He seemed to be possessed by the poltergeist that wrote a confession he had set the fires. Right after, Prince agreed with this conclusion.

Surprise Findings

In the cases he investigated Dr. Prince’s findings were considered the “final word.”

Before the investigation he had proclaimed the activity was a poltergeist but his findings, which the public had greatly anticipated, were a complete turn about.

He denied seeing Whidden do the automatic writing. 

He reported that a human hand had set the fires. He stated he had found wads of cotton soaked with an odorless flammable liquid had been positioned about 5 feet high--the same height as Mary Ellen--or thrown higher.

So he accused Mary Ellen of being the culprit. He tempered his report by stating that she was probably possessed or sleepwalking when these fires were set--so she was most likely unaware of her actions.

As for Whidden’s and Carroll’s previous experiences in the house he stated they were extremely cold and probably just hallucinating.

He never directly addressed the strange phenomenon with the cattle and horses.

A Rebuttal

After Prince’s report came out Mary Ellen became the villain of the piece in the public’s eyes. They now saw her as an arsonist.

Whidden had always gotten his information from the neighbor's the McGillivrays-- but now the MacDonald’s understandably upset, broke their silence for the first time.

In a statement Mary Ellen defended herself passionately. She accused Dr. Prince of “fibbing.” She stated:

“I have never set fires. I have never untied the cattle in the barns. I never plaited the tails of the horses. I would have been afraid to. First they claimed I had a boyfriend--a sweetheart--who did it now they say I did it. I tell you I don’t care who Dr. Prince is. He ought to be ashamed of himself.”

Shortly after this interview Dr. Prince labeled it just another fake, stating the Mary Ellen he’d met would not have been able to make this statement for she had “the mind of a four year old.”

Dr. Prince had too much clout. Public sentiment from around the world took his side.

No one thought to check with the Caledonia Mills residents who knew Mary Ellen. She was a teen of normal intelligence that was known to have a bright smile and a happy disposition.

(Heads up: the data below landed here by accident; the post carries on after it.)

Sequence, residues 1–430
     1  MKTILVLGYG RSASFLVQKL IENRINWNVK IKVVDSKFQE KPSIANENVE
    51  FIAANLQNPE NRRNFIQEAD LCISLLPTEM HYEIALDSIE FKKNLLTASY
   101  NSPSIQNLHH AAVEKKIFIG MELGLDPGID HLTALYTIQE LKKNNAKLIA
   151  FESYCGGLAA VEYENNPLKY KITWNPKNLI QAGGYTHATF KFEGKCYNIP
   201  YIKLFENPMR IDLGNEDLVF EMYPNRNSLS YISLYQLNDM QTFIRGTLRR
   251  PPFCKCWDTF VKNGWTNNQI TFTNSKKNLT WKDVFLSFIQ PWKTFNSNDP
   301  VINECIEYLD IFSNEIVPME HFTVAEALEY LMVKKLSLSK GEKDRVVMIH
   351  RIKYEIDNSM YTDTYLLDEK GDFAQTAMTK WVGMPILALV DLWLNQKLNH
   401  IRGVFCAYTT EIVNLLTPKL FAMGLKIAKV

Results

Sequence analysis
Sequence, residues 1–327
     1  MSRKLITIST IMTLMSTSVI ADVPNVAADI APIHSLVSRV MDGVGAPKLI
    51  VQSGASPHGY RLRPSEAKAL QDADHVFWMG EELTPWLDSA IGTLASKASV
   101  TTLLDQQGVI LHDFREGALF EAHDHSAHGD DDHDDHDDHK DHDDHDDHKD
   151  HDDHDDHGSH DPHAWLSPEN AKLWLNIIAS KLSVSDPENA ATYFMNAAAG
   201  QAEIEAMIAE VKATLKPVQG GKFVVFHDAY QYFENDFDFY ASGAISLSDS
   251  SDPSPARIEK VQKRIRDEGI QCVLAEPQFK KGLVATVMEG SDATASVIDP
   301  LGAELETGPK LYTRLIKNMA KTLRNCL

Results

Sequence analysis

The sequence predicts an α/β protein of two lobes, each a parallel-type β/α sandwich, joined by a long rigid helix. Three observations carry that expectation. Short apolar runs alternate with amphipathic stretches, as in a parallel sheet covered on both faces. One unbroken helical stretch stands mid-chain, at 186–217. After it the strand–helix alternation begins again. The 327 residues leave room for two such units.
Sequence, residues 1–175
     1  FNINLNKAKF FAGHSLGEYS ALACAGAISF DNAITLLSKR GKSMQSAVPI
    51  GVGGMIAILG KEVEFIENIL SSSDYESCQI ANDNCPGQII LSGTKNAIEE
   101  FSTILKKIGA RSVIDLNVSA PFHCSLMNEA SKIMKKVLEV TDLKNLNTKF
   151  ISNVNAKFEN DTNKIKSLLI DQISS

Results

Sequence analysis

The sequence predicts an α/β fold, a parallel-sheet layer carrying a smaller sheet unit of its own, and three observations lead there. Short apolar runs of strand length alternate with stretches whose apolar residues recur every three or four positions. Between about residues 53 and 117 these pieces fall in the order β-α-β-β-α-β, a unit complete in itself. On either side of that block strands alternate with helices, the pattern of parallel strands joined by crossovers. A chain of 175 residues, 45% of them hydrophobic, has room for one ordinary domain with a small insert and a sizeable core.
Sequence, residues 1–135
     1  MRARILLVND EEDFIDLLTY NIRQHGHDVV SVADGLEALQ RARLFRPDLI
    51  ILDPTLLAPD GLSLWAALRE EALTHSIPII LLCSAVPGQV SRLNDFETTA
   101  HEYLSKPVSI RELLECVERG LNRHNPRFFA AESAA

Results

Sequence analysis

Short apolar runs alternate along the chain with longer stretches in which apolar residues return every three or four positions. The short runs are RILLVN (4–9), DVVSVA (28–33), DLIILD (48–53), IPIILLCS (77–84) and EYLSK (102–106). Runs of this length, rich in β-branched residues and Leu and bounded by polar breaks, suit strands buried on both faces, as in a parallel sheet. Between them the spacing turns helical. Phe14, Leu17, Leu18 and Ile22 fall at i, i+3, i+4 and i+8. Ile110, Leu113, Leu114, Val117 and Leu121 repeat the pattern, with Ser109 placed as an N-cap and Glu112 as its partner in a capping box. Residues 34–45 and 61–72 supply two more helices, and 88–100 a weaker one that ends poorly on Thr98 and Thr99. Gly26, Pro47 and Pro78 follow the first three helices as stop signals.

Tragic Outcome

Newspapers now dubbed the teenage girl, Mary Ellen Fire Spook.

The MacDonald family moved back to the farm just months afterward. All was calm through the summer but by the following October the fires started as suddenly and incomprehensibly as before.

Word spread quickly the Fire Spook was back. There was no sympathy for the family this time. Police officers that were not local showed up at the farm. They had come for Mary Ellen.

Alex and Janet desperately fought to keep their foster daughter. Janet had to be pulled forcibly away from holding Mary Ellen.

The authorities had “sectioned” their daughter without a by-your-leave.

She was placed in the Nova Scotia Home for the Insane located in Dartmouth where the 16-year old was kept in solitary confinement for a long time.

She was considered too dangerous to be placed with the other inmates. She might set fire to something.

Mary Ellen at asylum.
Within days of her arrival Superintendent Lawler of the asylum was giving statements to the New York press. He stated she was a “common variety of the moron family and not particularly interesting…an arsonist with the mind of a child.”

After this the fires stopped which gave more credence to Dr. Prince’s version.

Mary Ellen spent the rest of her life in this asylum.

In Poltergeist: Fire Spook,Part I-- I share more details about this haunting and the Whidden and Carroll investigation.

Poltergeist: Fire Spook, Part l

This story is about how unexplained paranormal activity ruined one teenage girl’s life.

A worldwide firestorm was started in the winter of 1922 when two reliable witnesses confirmed that a family that lived on a farm located in Antigonish County in Nova Scotia was experiencing a terrifying haunting.

It was in January of this winter that Alex MacDonald his wife Janet and their 15-year old foster daughter Mary Ellen fled their home in terror.

Mr. MacDonald then had to walk a mile and a half twice a day to feed his livestock for he refused to stay any longer overnight at his farm. There was something malicious and deadly haunting the farmhouse.